Our article analyzes these and other cases and ultimately makes recommendations for a balanced approach to Section 10(b) standing that fits within the existing statutory and regulatory framework while providing for proper investor protection. We reason that Frutarom’s approach is unduly restrictive, overly formulaic, and poorly reasoned — therefore, its holding and rationale should be rejected. Instead, in situations where a plaintiff or seller did not purchase or sell a security of an entity about which a material misstatement or omission was made, we propose that the correct approach to Section 10(b) standing looks to the nexus among (i) the plaintiff’s purchase or sale transaction, (ii) the alleged misstatement(s) or omission(s), and (iii) the alleged injury. We assert that, if there is adequately pleaded a sufficient connection among the plaintiff, the transaction, and the injury, then standing is proper under Section 10(b) and should be conferred.

A more flexible position on Section 10(b) standing is a practical necessity, since the concerns about “vexatious litigation” and investor inaction articulated in Blue Chip Stamps are not present in Frutarom or related cases. And while such an approach would require plaintiffs to sufficiently allege loss causation as a condition of Section 10(b) standing, it would not otherwise modify the requirements for private actions under Section 10(b). This balanced approach would allow for greater flexibility that is consistent with statutory construction and with Blue Chips. Additionally, our nexus approach to Section 10(b) standing provides greater commercial certainty than Nortel’s ambiguous relationship inquiry, since plaintiffs would need to adequately plead a causal connection between an alleged disclosure deficiency and their actual injury.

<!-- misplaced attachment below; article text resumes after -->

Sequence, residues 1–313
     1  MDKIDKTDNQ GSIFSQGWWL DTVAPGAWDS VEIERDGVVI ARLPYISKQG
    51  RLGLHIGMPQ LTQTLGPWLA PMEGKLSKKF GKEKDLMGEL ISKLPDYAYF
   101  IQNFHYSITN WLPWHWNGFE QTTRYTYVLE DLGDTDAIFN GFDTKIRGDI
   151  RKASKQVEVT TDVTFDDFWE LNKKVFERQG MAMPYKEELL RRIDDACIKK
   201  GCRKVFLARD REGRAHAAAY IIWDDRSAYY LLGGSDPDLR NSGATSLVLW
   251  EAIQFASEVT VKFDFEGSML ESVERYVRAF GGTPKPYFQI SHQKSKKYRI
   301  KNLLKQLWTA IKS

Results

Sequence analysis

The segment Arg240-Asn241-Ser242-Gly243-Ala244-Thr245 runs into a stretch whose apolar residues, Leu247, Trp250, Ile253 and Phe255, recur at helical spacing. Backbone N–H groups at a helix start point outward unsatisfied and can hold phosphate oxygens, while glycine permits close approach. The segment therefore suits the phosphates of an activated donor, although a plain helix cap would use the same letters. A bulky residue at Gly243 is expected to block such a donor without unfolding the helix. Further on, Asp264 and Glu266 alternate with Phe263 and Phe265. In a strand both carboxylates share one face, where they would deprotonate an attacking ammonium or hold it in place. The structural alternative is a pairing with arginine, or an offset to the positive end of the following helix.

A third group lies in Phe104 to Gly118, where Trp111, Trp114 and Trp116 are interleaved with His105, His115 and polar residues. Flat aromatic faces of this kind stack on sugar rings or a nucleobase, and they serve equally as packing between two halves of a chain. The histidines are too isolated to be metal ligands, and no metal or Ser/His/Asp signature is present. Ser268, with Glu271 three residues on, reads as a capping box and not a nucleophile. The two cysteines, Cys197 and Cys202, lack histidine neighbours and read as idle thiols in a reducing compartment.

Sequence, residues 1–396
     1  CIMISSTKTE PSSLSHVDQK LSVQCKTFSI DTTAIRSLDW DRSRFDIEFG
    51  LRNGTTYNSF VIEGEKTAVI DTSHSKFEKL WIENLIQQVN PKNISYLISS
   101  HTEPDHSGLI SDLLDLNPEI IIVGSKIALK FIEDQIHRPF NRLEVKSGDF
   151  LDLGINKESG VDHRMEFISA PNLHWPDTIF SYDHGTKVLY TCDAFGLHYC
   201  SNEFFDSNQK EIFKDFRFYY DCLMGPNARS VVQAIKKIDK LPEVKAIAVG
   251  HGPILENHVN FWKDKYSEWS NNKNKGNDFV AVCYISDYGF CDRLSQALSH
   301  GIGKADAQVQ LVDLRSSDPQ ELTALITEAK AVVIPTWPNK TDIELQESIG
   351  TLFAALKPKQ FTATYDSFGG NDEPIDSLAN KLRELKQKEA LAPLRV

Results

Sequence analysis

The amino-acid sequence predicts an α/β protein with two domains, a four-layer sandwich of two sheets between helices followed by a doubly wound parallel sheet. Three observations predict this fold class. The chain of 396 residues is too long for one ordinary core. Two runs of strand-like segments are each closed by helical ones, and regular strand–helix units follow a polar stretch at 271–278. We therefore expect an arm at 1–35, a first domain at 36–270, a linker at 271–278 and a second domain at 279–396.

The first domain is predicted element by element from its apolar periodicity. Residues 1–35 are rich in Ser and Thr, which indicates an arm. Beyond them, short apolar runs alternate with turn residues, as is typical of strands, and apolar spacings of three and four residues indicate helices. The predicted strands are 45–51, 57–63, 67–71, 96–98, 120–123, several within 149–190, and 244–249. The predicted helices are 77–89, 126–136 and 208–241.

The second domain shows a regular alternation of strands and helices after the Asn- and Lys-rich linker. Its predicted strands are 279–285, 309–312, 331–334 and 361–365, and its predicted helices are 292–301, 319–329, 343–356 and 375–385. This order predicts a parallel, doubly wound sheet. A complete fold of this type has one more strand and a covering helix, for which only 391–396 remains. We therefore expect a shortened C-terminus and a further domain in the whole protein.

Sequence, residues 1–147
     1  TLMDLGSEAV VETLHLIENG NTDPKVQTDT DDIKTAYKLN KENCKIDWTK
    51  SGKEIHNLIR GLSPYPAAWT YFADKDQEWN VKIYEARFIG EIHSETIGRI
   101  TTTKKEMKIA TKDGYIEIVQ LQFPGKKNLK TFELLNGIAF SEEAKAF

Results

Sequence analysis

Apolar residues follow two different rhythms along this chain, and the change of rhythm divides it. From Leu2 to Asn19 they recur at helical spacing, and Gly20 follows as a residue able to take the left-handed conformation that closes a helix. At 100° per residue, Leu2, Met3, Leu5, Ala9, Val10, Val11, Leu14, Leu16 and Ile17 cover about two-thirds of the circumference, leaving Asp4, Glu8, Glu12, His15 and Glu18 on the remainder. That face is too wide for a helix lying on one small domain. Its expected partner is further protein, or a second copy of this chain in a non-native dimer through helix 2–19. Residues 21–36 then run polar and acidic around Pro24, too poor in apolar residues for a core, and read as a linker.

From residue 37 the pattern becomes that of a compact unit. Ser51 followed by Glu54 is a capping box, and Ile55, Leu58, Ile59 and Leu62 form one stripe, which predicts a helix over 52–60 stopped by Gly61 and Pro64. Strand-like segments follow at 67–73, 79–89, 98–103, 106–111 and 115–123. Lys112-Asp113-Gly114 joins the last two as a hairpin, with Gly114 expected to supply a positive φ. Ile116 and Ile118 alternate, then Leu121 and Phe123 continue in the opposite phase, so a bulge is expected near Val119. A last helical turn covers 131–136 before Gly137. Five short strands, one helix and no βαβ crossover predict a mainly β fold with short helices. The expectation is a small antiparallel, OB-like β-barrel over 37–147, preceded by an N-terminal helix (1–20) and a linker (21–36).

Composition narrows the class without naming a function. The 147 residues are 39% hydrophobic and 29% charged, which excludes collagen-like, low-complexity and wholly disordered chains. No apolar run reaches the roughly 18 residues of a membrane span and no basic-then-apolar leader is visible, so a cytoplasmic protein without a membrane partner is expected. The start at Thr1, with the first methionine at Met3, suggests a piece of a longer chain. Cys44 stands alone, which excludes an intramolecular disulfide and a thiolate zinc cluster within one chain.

Significantly, our approach would effectuate Section 10(b)’s purpose as articulated by the Supreme Court in Herman & MacLean v. Huddleston, where the Court opined, “[A] Section 10(b) action can be brought by a purchaser or seller of ‘any security’ against ‘any person’ who has used ‘any manipulative device or contrivance in connection with the purchase or sale of a security’.” By removing a significant number of otherwise meritorious plaintiffs from the protection of Section 10(b), Frutarom stands in stark contrast to the instructions of the Supreme Court.

Frutarom represents an undue limitation of the Section 10(b) purchaser-seller requirement, founded in judicial activism and detrimental in application. A more functional approach to Section 10(b) standing must be adopted if investors in this context are to be accorded the protections that Congress and the Supreme Court intended.

This post comes to us from Professor Marc I. Steinberg, the Rupert and Lillian Radford Chair in Law at SMU Dedman School of Law, and Antonio Partida, a 2024 graduate of SMU Dedman School of Law and an incoming corporate & securities associate at Jackson Walker LLP. This post is based on their article, “Undue Limitations in the Section 10(b) Purchaser-Seller Requirement,” forthcoming in Tulane Law Review and available here.